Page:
The situation here, however, is different from that presented in the precedent. It was the Shapiros, not PVUSD, who filed the original notice of appeal of the order awarding attorney's fees. The Shapiros appealed because the district court ruled against them on the issue of Walker's right to practice law in Arizona. Thus, unlike McCarthy, Belgarde, and Lolli, in which there was clearly one losing party who would appeal both a denial of a motion for reconsideration, as well as the original adverse judgment, the Shapiros were the party who wanted to appeal the original judgment that was adverse to them. PVUSD did not appeal until the amount of attorney's fees was greatly increased, and its notice of appeal stated only that it was appealing "from the amended judgment entered in this action on September 3, 2002 regarding attorney fees." It therefore is not clear that PVUSD considered the original judgment to be adverse to it. PVUSD's notice of appeal, in fact, indicates that PVUSD was troubled only by the increased amount of attorney's fees.


The second factor, prejudice to the appellee, however, weighs in PVUSD's favor. PVUSD argued the prevailing party issue in its opening brief on cross-appeal, and the Shapiros have had the opportunity to respond to it in their answering brief to the cross-appeal. Cf. Simpson, 77 F.3d at 1173 (finding that the opening brief gave the appellee adequate notice of the appellant's intent to appeal both the award and the amount of sanctions); McCarthy, 827 F.2d at 1314 (finding no prejudice where the opening brief addressed the district court's initial ruling and the appellees had also fully briefed the issues). Moreover, both the amended judgment referred to by PVUSD and the order appealed from by the Shapiros pertain to attorney's fees. For these reasons, we conclude that the prevailing party issue raised by PVUSD's cross-appeal is properly before us.

C. Merits of Prevailing Party Issue


PVUSD argues that the Shapiros were not the prevailing parties because the judgment in their favor was "technical" and de minimis, citing Buckhannon Bd. & Care Home, Inc. v. W. Va. Dep't of Health & Human Res., 532 U.S. 598, 121 S.Ct. 1835, 149 L.Ed.2d 855 (2001), and Parents of Student W. v. Puyallup Sch. Dist., No. 3, 31 F.3d 1489 (9th Cir.1994). In Buckhannon, the Supreme Court "held that the term `prevailing party,' as it is used in various attorney's fees statutes, requires a `material alteration of the legal relationship of the parties.'"6 Bennett v. Yoshina, 259 F.3d 1097, 1100 (9th Cir.2001) (quoting Buckhannon, 532 U.S. at 604, 121 S.Ct. 1835). Buckhannon concerned the attorney's fees provisions of the Fair Housing Amendments Act of 1988 and the Americans with Disabilities Act. We have not yet had occasion to determine whether Buckhannon applies to the IDEA's attorney's fees provision. We have, however, applied Buckhannon to a number of other attorney's fees statutes. See, e.g., Kasza v. Whitman, 325 F.3d 1178, 1180 (9th Cir.2003) (applying Buckhannon to the fee-shifting provision of the Resource Conservation and Recovery Act of 1976, 42 U.S.C. § 6972(e)); Perez-Arellano v. Smith, 279 F.3d 791, 793-94 (9th Cir.2002) (applying Buckhannon to the Equal Access to Justice Act, 28 U.S.C. § 2412(d)(1)(A)); Bennett, 259 F.3d at 1100-01 (applying Buckhannon to the Civil Rights Attorney's Fees Awards Act of 1976, 42 U.S.C. § 1988).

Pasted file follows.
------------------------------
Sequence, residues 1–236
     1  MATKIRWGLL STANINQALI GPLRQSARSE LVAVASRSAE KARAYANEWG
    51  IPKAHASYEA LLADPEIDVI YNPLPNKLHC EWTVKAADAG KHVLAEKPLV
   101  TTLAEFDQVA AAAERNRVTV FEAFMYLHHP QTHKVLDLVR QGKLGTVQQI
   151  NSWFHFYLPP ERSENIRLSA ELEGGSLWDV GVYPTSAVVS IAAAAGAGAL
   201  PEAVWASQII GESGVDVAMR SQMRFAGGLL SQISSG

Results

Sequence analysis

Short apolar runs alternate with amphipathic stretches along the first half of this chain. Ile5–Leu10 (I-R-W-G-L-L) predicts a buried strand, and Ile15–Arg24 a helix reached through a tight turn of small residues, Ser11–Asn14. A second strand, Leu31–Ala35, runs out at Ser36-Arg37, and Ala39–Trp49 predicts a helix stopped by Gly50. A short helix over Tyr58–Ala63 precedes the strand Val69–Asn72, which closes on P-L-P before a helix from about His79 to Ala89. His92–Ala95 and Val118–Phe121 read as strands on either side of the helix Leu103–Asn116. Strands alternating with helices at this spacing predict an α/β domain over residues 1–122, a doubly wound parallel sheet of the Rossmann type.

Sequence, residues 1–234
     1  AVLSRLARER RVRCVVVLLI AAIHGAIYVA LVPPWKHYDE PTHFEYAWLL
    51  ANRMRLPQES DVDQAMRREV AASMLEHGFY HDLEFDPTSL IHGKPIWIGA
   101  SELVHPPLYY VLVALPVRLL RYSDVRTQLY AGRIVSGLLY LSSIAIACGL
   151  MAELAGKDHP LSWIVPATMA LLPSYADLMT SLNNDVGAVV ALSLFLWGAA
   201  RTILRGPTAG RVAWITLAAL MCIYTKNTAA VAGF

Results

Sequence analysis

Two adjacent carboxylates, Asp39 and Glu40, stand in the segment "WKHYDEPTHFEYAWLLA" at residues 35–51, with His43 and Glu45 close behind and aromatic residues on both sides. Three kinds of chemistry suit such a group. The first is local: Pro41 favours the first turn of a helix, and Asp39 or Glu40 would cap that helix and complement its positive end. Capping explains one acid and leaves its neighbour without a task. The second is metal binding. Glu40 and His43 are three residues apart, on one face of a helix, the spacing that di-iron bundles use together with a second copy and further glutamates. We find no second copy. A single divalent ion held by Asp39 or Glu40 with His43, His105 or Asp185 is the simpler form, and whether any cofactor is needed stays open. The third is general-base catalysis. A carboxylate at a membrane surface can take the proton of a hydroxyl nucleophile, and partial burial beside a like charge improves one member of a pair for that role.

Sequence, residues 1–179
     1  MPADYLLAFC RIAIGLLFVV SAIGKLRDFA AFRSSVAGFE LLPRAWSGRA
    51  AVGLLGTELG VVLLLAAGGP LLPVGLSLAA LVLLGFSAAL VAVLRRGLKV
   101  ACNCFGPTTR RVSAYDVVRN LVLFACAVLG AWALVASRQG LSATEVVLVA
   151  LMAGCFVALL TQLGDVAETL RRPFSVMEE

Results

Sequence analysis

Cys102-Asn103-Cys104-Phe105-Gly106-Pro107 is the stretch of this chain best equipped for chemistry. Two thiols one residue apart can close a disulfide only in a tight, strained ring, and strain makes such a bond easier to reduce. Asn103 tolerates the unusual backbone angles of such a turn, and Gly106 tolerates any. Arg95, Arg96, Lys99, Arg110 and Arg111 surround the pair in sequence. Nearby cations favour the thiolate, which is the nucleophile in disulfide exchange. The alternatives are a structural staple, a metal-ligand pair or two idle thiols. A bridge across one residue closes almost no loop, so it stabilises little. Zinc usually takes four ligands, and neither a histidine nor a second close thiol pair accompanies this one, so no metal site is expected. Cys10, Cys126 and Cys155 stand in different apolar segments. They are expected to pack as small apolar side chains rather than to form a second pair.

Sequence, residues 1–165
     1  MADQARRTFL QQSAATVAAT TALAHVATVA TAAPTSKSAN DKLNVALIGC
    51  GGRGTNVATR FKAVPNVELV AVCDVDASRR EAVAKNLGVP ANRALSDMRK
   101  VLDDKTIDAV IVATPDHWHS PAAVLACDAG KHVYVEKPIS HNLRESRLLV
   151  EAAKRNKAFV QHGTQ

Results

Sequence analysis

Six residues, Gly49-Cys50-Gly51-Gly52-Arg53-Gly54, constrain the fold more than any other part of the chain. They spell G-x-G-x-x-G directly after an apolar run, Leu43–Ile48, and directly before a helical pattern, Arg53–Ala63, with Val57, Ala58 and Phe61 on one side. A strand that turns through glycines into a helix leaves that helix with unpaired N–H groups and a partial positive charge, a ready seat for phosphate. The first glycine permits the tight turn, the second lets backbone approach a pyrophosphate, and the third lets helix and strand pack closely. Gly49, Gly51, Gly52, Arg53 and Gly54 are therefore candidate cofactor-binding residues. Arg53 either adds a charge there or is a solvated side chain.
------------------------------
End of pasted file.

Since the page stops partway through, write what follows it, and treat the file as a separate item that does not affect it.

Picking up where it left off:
Moreover, all of the other circuits to confront the issue have held that Buckhannon applies to the attorney's fees provision of the IDEA. See T.D. v. LaGrange Sch. Dist. No. 102, 349 F.3d 469, 471 (7th Cir.2003) (holding that Buckhannon applies to the attorney's fees provision of the IDEA); John T. v. Del. County Intermediate Unit, 318 F.3d 545, 555-58 (3d Cir.2003) (same); J.C. v. Reg'l Sch. Dist. 10, 278 F.3d 119, 123-25 (2d Cir.2002) (same); see also G ex rel. RG v. Fort Bragg Dependent Sch., 343 F.3d 295, 310 (4th Cir.2003) (relying on Buckhannon in an IDEA case); Me. Sch. Admin. Dist. No. 35 v. Mr. & Mrs. R., 321 F.3d 9, 15 (1st Cir.2003) (same). We see no reason not to follow this consistent line of precedent from our own and other circuits applying Buckhannon. We therefore conclude that Buckhannon's definition of "prevailing party" applies to the IDEA's attorney's fees provision, 20 U.S.C. § 1415(i)(3)(B).


PVUSD correctly contends that a plaintiff is not the prevailing party if his or her success is purely technical or de minimis. Parents of Student W., 31 F.3d at 1498. Nevertheless, it is also true that a party may be accorded prevailing party status by being awarded "some relief by the court," even if only an award of nominal damages. Buckhannon, 532 U.S. at 603-04, 121 S.Ct. 1835; see also Me. Sch. Admin. Dist. No. 35, 321 F.3d at 15 (stating that a prevailing party must "succeed on the merits of a claim or defense," but that "a party may be considered `prevailing' even without obtaining a favorable final judgment on all (or even the most crucial) of her claims"). Thus, "[e]ssentially, in order to be considered a `prevailing party' after Buckhannon, a plaintiff must not only achieve some `material alteration of the legal relationship of the parties,' but that change must also be judicially sanctioned." Roberson v. Giuliani, 346 F.3d 75, 79 (2d Cir.2003). There is no question that the Shapiros prevailed on several significant aspects of their claim and were awarded money damages by the court. The district court did not abuse its discretion in determining that the Shapiros were the prevailing parties for IDEA purposes.

D. Amount of the Fee Award